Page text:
Four thoughts on the Boulder Philharmonic and opening night of the Shift Festival

The aerialists of Frequent Flyers Aerial Dance, who performed last night with the Boulder Philharmonic (photo by David Andrews)

1. On opening night of the Shift Festival at the Kennedy Center, the Boulder Philharmonic, with its nature-themed, visually rich, easy-on-the-ear program, made a persuasive case for the symphony orchestra as a kind of galvanizing force in local artistic communities.  But in a festival ostensibly devoted to showcasing the American orchestra, the Boulder Philharmonic itself was upstaged at almost every turn: by the eye-catching slideshow accompanying Stephen Lias’ All the Songs that Nature Sings; the amplified mandolin (and scintillating virtuosity) of Jeff Midkiff in his Mandolin Concerto; and the high-flying aerialists in the staging of Aaron Copland’s Appalachian Spring.

2.  The Boulder Philharmonic’s program drew exclusively from the broadly populist tradition of American music, with the neo-romantic pictorialism of Lias; the bluegrass-influenced work of Midkiff; the lush, cinematic writing of Steve Heitzeg’s “Ghosts of the Grasslands”; and, of course, that quintessential work of Americana, Appalachian Spring (performed here in its more streamlined and sentimental concert version).  Newcomers would be forgiven for thinking that American concert hall music was somewhat anodyne and monolithic.

3.  The staging of Appalachian Spring by the Boulder-based aerial troupe, Frequent Flyers Aerial Dance, was a fascinating re-imagining of this classic work.  I was particularly struck by how the emotional openness and vulnerability of the original Martha Graham choreography found its analogue in the literal physical vulnerability and risk-taking of the five aerialists.  (“My palms were sweating,” a friend in the audience confessed.)  It was undeniably an impressive feat of athleticism and daring, but the aerial dance form had its (understandable) limits in expressing the music.  The choreography was much better at capturing moments of stillness and unleashing short bursts of movement than reflecting sustained passages of fast music (like, for example, the long arcing lines of “Simple Gifts”).  Transitions were slow and methodical (again, understandably), and the form didn’t really allow for the quick grouping and re-groupings of dancers.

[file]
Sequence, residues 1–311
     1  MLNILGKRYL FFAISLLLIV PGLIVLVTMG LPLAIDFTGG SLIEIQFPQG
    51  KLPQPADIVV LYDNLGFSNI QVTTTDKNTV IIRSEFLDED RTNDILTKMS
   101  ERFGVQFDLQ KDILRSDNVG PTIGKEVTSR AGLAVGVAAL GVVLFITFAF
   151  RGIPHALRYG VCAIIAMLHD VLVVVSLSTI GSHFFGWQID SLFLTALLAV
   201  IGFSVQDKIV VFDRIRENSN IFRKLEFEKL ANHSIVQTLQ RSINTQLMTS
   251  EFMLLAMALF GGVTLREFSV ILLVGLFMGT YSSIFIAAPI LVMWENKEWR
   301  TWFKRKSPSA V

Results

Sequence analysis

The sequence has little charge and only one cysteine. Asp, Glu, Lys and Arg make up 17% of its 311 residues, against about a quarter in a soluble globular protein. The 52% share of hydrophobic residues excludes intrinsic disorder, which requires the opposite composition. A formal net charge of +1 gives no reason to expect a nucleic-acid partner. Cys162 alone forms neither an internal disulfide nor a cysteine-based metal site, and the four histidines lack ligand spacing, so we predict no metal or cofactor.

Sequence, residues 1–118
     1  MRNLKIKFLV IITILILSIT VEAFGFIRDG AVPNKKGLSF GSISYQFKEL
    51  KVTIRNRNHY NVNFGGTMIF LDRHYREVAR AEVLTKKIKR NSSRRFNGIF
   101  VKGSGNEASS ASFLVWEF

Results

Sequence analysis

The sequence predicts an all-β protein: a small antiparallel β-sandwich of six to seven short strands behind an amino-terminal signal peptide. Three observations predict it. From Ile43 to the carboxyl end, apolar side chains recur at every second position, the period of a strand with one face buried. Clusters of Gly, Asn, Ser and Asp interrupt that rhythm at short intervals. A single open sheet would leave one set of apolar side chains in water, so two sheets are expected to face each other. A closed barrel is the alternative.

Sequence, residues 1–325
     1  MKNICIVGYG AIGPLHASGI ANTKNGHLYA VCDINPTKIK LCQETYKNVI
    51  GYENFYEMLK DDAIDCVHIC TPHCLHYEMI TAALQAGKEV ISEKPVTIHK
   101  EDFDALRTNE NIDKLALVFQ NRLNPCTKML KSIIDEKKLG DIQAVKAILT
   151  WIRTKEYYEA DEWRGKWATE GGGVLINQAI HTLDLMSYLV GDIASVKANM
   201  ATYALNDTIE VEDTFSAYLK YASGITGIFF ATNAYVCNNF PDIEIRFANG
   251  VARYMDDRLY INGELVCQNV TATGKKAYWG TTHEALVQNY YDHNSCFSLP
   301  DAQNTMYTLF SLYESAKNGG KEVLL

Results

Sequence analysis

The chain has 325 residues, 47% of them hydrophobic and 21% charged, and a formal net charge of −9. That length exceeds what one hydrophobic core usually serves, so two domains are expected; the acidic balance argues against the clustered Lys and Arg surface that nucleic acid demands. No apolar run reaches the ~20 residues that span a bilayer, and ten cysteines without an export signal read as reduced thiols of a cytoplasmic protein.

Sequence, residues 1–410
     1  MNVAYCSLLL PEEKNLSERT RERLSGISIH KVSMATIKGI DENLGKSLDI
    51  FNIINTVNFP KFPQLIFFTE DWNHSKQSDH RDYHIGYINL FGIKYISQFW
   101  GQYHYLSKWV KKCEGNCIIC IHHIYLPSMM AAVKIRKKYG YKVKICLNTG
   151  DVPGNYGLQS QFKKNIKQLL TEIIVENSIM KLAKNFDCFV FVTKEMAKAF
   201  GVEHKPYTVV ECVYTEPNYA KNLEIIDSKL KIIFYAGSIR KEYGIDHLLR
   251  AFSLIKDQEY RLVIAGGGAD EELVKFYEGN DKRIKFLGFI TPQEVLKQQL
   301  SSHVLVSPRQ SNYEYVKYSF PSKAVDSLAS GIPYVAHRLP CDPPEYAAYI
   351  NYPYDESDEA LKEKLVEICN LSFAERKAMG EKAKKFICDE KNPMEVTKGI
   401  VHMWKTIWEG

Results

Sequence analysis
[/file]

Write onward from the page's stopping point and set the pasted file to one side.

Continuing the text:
4.  There was a strong, vocal turnout in the hall last night, and the ever popular scarves were back.  But ticket sales have been much weaker for the remaining three concerts, perhaps confirming my suspicion that many in the audience came for the aerialists.  The Kennedy Center appears to have closed off the upper tier of the concert hall for the upcoming Atlanta Symphony concert, and the upper two tiers for the North Carolina Symphony and the Knights (eta: and is now papering the house for tonight’s NCS concert).

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